This idea he took from wild and domesticated animal observation, from Aldous Huxley etc.
    Lorenz’s ideas on evolution are said to be outdated, but I think this part of his work should be re-considered, as for the good elements it contains.

    This *good summary* in the French wiki expands a bit what I’m saying as regards Lorenz. Hope you can read it – although what I said before is enough to get my point:

    …………………………………
    “La théorie de la dégénérescence de Lorenz inscrit dans la nature biologique de l’homme les problèmes de décadence des civilisations. Cette constatation vient de la comparaison entre les caractéristiques de l’homme civilisé et des animaux domestiqués. En cela, Lorenz remarque que les animaux domestiques se caractérisent souvent par :

    * Des problèmes alimentaires et un manque de contrôle des mécanismes de l’appétit pouvant entraîner l’obésité.
    * Des problèmes de régulation de la sexualité et une hypersexualisation.
    * Une régression infantile des individus, les adultes se comportant comme des individus immatures (dépendance parentale et activité ludique).

    Selon Lorenz, l’homme civilisé, n’étant plus contraint par l’environnement sauvage, a été forgé par la sélection artificielle produite par la civilisation elle-même. Ainsi, l’espèce humaine s’est auto-domestiquée. Toujours selon Lorenz, sans un système social de valeurs fortes imposées et régulatrices des moeurs, la nature «domestique» de l’homme civilisé prendra le dessus. Nous obtiendrons alors une civilisation d’obèses, hypersexualisés, immatures et passant leur temps à se divertir.”
    …………………………………

    So again. When the wild cat meets the fat domesticated cat …

    Back we get to the mafia people. They may seem vulgar, filthy. Also a wolf may seem filthy … but better keep your beautiful dog away from it!

    PS
    I kept a 4-months seminar and workshop with my students on these themes, together with a biology teacher. Only, it was 30 years ago. I forgot almost everything :-(

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  14. @Commentator

    Your memoirs regarding your father are very interesting. Thanks a lot. Besides, going to a tailor for one’s clothes …. no matter they’re from the mob, Italians love to go around well dressed.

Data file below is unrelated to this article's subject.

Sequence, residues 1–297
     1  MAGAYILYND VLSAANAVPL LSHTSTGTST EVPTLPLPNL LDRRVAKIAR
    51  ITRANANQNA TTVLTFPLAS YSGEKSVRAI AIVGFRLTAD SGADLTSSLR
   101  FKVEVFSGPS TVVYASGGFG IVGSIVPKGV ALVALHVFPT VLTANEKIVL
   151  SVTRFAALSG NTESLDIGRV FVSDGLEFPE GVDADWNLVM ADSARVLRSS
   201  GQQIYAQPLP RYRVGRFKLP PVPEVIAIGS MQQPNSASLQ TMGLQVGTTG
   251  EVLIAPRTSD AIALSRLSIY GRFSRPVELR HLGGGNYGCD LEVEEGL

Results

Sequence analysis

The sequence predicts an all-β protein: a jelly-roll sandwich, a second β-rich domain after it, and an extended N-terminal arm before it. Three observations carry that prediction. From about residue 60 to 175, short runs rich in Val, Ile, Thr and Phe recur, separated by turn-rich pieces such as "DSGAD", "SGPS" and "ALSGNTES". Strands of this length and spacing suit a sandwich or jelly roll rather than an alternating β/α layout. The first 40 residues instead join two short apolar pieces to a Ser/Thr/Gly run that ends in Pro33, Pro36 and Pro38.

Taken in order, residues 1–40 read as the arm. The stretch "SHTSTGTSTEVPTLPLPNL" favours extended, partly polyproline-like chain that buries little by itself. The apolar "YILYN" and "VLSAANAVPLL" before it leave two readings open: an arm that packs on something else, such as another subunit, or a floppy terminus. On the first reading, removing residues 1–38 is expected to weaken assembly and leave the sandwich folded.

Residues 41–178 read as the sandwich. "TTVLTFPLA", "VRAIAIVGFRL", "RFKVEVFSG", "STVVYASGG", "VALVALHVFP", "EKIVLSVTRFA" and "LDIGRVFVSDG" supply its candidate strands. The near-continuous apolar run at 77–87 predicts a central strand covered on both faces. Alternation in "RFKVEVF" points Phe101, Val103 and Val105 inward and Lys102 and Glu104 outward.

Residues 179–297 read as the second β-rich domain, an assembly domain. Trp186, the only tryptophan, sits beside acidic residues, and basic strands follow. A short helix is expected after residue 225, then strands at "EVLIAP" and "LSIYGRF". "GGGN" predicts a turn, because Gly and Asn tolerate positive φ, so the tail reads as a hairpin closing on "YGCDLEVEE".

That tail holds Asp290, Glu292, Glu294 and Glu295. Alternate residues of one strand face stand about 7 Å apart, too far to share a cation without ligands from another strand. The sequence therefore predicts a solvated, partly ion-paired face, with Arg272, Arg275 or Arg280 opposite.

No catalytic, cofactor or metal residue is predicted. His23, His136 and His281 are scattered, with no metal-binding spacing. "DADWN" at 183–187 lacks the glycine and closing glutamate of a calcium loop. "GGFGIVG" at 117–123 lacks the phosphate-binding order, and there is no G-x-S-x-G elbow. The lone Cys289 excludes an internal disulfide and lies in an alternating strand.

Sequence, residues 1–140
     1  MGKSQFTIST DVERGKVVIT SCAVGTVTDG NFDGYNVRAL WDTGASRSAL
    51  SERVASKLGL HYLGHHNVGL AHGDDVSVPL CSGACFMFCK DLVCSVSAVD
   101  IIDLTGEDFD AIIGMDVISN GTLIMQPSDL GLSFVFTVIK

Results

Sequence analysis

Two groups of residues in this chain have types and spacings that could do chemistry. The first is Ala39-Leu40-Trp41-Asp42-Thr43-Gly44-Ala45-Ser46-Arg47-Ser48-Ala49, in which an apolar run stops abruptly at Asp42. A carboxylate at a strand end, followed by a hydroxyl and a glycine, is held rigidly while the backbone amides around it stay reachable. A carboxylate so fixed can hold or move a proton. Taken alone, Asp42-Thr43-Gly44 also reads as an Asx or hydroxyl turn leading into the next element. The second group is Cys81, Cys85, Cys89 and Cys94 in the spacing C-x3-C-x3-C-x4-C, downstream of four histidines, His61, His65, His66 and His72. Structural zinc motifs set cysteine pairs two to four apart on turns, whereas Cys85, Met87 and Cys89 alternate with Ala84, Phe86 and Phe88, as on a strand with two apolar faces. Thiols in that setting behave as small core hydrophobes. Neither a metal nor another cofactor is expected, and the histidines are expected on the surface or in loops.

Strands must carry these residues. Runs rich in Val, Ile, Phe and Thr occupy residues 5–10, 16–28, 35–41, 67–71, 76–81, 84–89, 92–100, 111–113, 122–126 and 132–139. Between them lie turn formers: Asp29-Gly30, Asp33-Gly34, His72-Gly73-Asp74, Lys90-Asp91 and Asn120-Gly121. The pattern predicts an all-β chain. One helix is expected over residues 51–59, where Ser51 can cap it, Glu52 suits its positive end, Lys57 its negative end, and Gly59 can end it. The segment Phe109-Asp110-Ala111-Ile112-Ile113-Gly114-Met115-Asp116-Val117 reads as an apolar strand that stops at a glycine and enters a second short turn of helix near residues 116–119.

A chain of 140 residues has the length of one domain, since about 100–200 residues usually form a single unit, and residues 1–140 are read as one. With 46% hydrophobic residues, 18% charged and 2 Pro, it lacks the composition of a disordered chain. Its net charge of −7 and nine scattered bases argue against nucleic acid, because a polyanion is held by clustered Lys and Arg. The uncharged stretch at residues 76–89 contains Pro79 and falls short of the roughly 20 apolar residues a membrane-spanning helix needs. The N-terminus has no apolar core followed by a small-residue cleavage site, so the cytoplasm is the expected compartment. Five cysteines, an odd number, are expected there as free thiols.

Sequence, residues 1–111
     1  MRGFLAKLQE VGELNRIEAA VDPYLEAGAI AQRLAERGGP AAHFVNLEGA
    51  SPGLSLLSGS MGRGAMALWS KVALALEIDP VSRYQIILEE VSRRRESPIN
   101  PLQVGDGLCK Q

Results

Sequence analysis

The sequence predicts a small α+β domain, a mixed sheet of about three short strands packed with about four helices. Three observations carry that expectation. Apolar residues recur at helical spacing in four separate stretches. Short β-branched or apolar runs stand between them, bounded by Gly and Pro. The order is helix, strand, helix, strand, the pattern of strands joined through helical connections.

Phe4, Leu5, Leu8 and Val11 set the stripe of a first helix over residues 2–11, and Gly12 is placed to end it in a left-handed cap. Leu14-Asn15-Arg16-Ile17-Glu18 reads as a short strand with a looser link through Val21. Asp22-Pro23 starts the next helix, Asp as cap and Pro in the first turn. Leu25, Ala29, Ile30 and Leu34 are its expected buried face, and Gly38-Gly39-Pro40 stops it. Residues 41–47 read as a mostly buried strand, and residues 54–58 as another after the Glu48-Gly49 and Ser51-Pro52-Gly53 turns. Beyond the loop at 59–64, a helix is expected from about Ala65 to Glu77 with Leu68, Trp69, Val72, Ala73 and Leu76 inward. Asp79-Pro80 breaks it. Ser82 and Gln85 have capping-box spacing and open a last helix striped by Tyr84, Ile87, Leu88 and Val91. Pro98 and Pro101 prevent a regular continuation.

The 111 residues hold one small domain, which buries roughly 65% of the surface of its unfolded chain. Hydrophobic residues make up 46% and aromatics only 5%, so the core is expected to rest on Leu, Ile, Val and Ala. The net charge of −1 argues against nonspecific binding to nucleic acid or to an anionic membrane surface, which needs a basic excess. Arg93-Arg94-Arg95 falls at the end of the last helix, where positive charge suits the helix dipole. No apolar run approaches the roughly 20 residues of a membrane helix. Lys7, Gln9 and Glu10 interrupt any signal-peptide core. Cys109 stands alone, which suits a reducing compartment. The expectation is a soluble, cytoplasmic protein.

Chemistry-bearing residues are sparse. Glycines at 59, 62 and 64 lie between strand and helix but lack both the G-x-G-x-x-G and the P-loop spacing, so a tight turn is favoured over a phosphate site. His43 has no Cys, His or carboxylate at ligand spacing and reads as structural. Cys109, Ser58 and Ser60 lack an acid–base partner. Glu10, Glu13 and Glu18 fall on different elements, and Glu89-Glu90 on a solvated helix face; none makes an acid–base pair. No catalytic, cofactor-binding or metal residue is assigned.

:-)

    Yes, I’ve heard the Calabrian ‘Ndrangheta is now very powerful internationally, but I also think that the Sicilians tend to HIDE their power. Although you might be right.

    I know by direct experience how strong are the ties among the Mediterranean folks.

    [And pls do not forget that the Gulf of Mexico is Mediterranean reloaded (or Mediterranean num 2). You guys from North America should stop frowning upon the Hispanic :-) ]

    I checked what this ‘Deadliest Warriors’ is on the wiki. Are you sure this type of computer games produces dependable results?

    And yes, the chronicle of how the Italians made their way in an Anglo-Irish-Germanic mileu is not only moving for an Italian like me. It is also enlightening, from any point of view.

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  15. No, but they consult experts/historians and run a special program dramatizing 1000 battles between the parties involved. Nothing can ever mirror life but these are smart people doing it and it does give you an idea of how things can go. The Romans, incidentally, lost to the Apache. But we all know that to be wrong. Heh.

    As for the Calabrese mob, it was an Italian unsolved mystery type of show I saw while in France. In fact, the way they described it they’re even MORE secretive than the Sicilians. Very little is known in Calabria because NO ONE TALKS. Law enforcement, if I remember correctly and I could be wrong, doesn’t know for sure the extent of its power.